This Day in Liberal Judicial Activism—July 15
2005—More mischief from the Wisconsin supreme court. This time, the same four-justice majority as in Ferdon (see This Day for July 14, 2005), in an opinion by associate justice Louis B. Butler Jr., rules in Thomas v. Mallett that the “risk-contribution theory”—which essentially shifts the burden of proof on key issues from the plaintiff to defendants—applies in a product-liability action against manufacturers of lead pigment. As the dissent puts it, the “end result is that the defendants, lead pigment manufacturers, can be held liable for a product they may or may not have produced, which may or may not have caused the plaintiff’s injuries, based on conduct that may have occurred over 100 years ago when some of the defendants were not even part of the relevant market.”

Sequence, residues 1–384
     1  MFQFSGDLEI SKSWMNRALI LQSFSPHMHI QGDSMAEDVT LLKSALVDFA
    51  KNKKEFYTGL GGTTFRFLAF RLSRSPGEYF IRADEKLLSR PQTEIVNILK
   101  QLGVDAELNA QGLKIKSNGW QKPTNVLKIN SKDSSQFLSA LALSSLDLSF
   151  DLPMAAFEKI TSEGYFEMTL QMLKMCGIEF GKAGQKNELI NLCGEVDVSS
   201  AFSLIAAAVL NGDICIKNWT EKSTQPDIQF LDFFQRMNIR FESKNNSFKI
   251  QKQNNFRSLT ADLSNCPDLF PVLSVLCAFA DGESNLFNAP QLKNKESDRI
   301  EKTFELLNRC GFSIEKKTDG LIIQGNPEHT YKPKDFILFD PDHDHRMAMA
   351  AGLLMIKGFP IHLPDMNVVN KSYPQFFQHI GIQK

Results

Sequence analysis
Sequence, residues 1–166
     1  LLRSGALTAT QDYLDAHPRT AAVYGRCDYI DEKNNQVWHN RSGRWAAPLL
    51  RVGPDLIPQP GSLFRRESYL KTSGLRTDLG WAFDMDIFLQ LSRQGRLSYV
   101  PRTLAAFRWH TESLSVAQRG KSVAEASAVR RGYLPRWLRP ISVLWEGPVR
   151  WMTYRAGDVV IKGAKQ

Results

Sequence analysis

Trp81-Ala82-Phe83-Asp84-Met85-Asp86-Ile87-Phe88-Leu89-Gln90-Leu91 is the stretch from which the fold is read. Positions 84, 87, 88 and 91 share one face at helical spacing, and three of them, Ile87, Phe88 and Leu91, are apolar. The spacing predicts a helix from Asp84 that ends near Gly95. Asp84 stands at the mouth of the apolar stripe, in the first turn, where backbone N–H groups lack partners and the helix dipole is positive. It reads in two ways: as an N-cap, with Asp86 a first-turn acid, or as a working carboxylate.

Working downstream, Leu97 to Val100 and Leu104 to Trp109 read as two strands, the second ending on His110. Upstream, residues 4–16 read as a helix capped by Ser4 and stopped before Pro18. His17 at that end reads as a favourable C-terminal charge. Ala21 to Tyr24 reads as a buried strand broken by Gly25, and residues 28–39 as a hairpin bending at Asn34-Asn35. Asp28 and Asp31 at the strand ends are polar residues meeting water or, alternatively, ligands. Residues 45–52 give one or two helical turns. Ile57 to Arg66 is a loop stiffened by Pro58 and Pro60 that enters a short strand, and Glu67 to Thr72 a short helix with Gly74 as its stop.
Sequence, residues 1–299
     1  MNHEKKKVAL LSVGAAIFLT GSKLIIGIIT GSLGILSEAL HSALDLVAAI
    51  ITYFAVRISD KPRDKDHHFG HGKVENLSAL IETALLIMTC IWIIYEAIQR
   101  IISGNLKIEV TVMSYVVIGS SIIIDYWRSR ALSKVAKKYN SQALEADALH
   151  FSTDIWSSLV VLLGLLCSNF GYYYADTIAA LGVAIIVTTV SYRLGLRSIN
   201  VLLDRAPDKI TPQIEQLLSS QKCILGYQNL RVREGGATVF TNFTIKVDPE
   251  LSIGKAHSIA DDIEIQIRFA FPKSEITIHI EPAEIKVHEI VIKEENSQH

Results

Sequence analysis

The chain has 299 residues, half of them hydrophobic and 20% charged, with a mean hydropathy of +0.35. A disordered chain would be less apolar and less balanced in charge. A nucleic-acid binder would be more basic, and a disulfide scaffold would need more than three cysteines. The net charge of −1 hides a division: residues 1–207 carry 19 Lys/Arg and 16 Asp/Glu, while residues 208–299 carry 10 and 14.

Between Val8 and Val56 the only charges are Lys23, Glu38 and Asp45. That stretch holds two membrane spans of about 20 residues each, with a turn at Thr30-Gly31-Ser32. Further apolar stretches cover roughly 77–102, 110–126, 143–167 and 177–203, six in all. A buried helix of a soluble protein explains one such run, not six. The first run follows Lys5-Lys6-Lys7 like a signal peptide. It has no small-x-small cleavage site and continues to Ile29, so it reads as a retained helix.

In April 2008, Wisconsin voters, presented the opportunity to alter what one commentator aptly called the “4-3 liberal majority [that had become] the nation’s premier trailblazer in overturning its own precedents and abandoning deference to the legislature’s policy choices,” defeat Butler’s bid to remain on the court.